Personally, depending on the size of the game I think 35-40 characters is ideal. 45 isn’t too bad, but once you start going past 50, I think it lowers the quality of the overall cast.

I’m sorry, but I wholeheartedly disagree with that. If Fire Emblem was structured like, say, your typical JRPG where each of the main character has to be plot relevant or at least must have ties with the MC, then yes of course then too many playables would hurt the story.

However, in Fire Emblem you get to choose who joins your army and who doesn’t. By virtue of supports and optional talk convos, you also get to choose who gets screen time and who doesn’t. The lords and maybe a few other important, non-lord units (Like Merlinus and Guinivere in FE6 for example) are the only one to actually get the spotlight in-story.

Of course, if you’re making characters just for the sake of making characters, you’re gonna end up with a gigantic but boring cast with maybe a dozen of memorable characters at best. But if you keep pouring good ideas into them, I believe no matter how big your roster is, every character is gonna find a player who genuinely like them and will remember them.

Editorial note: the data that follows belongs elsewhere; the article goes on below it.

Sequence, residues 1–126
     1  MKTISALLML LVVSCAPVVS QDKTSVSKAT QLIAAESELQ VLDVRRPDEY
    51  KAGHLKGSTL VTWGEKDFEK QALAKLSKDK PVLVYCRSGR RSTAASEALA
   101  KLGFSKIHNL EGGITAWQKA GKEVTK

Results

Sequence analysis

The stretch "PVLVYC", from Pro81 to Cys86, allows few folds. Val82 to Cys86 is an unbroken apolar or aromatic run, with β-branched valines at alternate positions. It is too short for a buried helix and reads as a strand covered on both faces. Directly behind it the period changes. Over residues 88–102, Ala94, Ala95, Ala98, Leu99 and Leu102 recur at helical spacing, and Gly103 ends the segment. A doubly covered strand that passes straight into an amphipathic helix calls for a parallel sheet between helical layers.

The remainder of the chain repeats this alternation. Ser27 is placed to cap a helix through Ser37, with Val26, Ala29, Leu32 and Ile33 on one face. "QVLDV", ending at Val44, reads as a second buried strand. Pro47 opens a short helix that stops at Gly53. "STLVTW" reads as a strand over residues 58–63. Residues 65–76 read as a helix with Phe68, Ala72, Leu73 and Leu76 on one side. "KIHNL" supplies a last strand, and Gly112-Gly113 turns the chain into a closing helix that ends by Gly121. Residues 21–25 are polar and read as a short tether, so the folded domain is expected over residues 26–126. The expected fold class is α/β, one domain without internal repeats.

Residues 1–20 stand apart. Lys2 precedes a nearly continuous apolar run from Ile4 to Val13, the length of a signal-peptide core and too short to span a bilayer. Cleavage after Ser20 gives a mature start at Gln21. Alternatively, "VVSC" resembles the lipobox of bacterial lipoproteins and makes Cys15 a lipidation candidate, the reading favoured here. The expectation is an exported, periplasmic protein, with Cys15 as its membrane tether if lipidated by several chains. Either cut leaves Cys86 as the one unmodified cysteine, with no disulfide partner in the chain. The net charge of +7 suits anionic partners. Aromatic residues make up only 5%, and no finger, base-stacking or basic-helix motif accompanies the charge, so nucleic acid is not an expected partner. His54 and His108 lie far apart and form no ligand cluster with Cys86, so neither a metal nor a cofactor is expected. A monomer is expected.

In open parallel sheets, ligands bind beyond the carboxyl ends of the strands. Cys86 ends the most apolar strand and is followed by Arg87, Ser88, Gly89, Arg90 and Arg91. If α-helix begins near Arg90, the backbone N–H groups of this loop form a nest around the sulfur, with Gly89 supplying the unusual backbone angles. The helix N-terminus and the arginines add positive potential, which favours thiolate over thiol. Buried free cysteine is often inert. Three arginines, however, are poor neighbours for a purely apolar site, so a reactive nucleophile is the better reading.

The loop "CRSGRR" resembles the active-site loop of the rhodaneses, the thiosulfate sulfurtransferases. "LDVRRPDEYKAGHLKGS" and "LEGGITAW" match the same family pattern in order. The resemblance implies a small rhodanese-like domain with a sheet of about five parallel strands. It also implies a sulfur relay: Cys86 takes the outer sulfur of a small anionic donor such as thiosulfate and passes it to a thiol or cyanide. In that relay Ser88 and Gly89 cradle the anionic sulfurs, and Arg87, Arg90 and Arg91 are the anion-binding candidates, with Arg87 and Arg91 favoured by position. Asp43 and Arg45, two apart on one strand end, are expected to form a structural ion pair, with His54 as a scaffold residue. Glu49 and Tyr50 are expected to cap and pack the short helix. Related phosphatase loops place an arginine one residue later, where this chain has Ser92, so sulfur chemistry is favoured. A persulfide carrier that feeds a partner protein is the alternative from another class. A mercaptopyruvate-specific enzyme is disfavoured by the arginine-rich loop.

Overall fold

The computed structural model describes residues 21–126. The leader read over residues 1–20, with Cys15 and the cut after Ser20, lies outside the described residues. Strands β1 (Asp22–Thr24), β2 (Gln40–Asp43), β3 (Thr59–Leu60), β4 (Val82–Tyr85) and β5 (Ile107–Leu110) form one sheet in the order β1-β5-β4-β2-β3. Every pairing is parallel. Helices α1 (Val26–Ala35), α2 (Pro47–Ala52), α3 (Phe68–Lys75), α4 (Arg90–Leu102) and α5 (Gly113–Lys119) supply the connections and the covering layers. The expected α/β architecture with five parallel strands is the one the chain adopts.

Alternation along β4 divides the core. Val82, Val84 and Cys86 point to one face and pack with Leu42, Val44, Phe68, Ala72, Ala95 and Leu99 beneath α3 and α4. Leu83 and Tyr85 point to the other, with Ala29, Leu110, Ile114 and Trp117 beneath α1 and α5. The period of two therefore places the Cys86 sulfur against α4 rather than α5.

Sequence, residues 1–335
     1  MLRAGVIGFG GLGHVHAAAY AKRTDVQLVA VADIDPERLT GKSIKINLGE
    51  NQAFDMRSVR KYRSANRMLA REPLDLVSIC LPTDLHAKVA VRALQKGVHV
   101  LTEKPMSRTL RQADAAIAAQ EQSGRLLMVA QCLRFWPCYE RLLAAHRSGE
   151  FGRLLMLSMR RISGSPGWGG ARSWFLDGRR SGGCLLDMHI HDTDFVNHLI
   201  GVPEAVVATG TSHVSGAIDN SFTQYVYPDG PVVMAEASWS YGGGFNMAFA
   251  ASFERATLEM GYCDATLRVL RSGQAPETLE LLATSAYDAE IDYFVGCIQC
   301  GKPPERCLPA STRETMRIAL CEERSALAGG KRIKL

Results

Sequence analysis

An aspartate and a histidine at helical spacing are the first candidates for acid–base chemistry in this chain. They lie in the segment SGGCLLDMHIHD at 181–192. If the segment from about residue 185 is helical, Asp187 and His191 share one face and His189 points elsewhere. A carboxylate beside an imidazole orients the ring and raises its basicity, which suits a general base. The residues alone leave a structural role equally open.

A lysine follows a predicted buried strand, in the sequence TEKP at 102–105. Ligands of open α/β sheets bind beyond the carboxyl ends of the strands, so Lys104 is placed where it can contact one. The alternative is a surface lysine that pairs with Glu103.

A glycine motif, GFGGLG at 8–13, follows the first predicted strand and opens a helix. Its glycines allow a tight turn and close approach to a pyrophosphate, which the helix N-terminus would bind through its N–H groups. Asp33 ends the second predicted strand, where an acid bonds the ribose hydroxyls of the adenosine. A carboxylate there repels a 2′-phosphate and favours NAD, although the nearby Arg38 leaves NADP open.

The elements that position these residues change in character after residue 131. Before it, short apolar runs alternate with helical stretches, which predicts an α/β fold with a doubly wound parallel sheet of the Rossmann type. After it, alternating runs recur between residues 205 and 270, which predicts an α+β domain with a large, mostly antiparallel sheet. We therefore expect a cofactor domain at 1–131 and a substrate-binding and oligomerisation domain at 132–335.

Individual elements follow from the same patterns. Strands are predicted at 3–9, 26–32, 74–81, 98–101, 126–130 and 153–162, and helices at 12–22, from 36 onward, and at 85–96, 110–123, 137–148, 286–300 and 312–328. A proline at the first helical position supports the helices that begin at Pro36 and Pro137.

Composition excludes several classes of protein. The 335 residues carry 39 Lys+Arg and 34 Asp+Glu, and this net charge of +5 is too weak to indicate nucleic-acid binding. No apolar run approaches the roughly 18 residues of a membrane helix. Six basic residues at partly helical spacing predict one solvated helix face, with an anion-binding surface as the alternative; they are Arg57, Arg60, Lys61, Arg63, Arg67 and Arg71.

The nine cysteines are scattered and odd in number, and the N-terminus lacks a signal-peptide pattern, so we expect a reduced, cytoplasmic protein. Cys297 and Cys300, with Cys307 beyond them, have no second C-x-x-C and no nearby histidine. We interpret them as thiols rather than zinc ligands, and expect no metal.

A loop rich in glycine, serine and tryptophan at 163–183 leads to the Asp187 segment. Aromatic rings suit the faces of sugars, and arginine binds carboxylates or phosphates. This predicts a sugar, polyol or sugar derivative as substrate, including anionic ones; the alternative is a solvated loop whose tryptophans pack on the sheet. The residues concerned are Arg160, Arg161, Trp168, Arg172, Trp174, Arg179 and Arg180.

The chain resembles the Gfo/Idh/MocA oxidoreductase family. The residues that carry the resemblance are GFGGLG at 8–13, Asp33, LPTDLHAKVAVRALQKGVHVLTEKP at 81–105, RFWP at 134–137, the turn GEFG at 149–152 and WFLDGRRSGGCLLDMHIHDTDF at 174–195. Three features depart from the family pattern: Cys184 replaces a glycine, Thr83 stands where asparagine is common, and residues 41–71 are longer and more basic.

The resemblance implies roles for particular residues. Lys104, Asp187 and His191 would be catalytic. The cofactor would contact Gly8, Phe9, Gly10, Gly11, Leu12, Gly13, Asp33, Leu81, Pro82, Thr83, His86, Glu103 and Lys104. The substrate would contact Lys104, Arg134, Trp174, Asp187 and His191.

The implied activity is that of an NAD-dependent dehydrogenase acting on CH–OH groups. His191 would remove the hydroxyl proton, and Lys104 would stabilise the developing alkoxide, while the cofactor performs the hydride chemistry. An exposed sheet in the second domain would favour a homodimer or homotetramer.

5 Likes

I don’t know, more characters takes more time. Time that could be spent adding additional world building, fleshing out already existing characters, refining existing support conversations, adding base convo’s like PoR. The whole reason why I think too many characters hurts the story is that the time could’ve been spent elsewhere (that and I usually forget half of them anyways). I would assume the ROI for creating character #58 would be pretty low.

Regardless, if time is unlimited none of this matters.

Another thing you should think about is what the character can do in his joining chapter.

He should have an obvious way to contribute even if the player doesn’t plan to use him.

The joining character should idealy have a little niche he’s the only one/one of the few able to fill at least for the joining chapters.
You can do this via placement or weapon/class match ups

1 Like